By Edmund Wan and Alex Ma  King & Wood Mallesons’ Hong Kong office.

The 21st century can arguably be described as an era of collaboration and cooperation.  A tear-down of a smartphone or personal computer for example would reveal that its components are sourced and manufactured in multiple countries. These parts are then assembled into the final product and sold worldwide. This is international business at its absolute finest. 
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By Peter Bullock, Neil Carabine, Urszula McCormack and Donovan Ferguson. King & Wood Mallesons’ Hong Kong office.

We gathered senior legal, IT and infrastructure professionals representing transport, TMT, energy and consulting businesses for a roundtable discussion in Hong Kong (on an unattributable basis) around the opportunities for, and blockers to, Smart City development. We found reasons for optimism that Smart City technology would win through, along with frustration at the pace of progress.
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By John Lo, Partner, Corporate, King & Wood–Hong Kong

Nurturing the growth of a science and technology focused sector became a significant part of the government policies of the first post-1997 administration. Under the guidance of the late Professor Tien Chang-lin, former chancellor of University of California, Berkeley, the government issued a technology blueprint for Hong Kong shortly after the changeover, which led to a new period of innovation and growth in the tech sector.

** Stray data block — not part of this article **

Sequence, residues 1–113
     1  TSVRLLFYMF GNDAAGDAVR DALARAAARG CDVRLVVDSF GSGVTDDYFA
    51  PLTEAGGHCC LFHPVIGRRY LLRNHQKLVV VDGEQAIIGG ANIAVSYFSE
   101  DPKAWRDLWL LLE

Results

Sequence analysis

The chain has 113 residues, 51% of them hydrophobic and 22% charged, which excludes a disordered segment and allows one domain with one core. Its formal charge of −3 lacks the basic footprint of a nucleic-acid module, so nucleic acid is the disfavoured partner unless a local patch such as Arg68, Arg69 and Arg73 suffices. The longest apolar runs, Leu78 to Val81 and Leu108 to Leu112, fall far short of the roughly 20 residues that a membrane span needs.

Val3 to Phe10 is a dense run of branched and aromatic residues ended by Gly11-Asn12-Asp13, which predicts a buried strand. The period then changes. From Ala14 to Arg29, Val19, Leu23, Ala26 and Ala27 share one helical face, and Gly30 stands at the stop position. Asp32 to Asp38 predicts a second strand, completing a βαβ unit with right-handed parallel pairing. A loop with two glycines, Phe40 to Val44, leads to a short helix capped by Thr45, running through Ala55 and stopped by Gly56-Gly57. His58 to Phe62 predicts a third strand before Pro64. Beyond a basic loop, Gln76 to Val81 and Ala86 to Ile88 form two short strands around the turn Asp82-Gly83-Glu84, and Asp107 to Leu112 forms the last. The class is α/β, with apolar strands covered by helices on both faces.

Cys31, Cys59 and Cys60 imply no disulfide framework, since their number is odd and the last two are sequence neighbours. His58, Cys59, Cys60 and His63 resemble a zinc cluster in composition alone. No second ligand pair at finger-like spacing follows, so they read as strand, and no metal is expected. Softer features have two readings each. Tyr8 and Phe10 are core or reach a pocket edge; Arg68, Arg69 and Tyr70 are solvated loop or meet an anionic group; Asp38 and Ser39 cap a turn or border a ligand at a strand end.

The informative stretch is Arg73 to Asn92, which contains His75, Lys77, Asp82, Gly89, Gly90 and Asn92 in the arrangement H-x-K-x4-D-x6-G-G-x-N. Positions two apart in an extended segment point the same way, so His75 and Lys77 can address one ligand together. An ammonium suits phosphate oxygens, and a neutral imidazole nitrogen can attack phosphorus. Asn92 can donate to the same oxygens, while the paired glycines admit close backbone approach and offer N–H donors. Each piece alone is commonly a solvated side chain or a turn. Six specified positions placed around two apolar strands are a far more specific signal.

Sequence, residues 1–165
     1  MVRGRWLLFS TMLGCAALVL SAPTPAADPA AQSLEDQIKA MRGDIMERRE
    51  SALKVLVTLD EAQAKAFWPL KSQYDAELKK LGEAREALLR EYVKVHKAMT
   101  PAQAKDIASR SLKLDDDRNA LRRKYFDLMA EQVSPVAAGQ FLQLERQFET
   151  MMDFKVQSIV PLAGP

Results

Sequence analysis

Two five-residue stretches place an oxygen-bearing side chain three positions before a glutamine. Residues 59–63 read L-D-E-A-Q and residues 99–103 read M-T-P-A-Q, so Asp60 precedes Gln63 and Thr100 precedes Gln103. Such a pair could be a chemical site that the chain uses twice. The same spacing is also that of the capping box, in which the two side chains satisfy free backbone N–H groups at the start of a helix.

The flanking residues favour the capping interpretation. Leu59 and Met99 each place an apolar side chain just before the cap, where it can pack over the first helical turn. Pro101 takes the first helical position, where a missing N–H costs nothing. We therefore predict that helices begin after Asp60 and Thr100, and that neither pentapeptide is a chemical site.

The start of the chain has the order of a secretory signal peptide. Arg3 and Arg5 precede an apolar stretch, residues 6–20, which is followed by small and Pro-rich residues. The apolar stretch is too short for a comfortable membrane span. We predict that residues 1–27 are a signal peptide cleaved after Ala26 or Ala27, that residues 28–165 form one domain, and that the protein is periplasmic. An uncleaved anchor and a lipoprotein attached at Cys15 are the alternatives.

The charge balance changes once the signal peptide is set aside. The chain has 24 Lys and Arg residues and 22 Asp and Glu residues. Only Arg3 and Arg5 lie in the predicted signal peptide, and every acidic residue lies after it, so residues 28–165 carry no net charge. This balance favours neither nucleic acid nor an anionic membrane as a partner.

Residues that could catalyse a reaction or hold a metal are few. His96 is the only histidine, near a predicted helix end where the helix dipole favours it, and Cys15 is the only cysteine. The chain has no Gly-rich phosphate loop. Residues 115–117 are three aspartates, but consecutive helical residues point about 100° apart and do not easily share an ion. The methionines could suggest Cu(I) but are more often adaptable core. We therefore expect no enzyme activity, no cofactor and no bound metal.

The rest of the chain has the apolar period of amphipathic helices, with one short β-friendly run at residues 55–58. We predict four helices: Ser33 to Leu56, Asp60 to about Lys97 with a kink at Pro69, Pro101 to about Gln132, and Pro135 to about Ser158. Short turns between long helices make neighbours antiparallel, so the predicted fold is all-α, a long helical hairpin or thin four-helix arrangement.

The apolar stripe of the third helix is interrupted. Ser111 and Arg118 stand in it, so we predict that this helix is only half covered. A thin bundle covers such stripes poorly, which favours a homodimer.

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Interviewed by Serwat Perwaiz, Editor of King & Wood’s Publication Group

As China’s economic and social presence on electronic forms of communication continues to develop and expand, the country’s regulatory bodies are stepping up to the challenge to keep pace with the new developments. We are lucky to have Dr. Martin Cave, Professor and Director of the Centre for Management under Regulation, Warwick Business School, to provide us his comments on the hot topics of Technology and the Internet.

When asked about his key areas of interest, he commented that he was particularly interested in “reform and liberalisation of the radio spectrum, which can support the amazing growth of voice and broadband wireless technologies we have seen in the past decade.” He went on to discuss how the standard model in Europe and the United States, which “relies on maximising competition and reducing regulation to the minimum, with a relatively small role for government policy and government subsidy” differs significantly from models in Asian countries where “government policy is a much stronger driver.”


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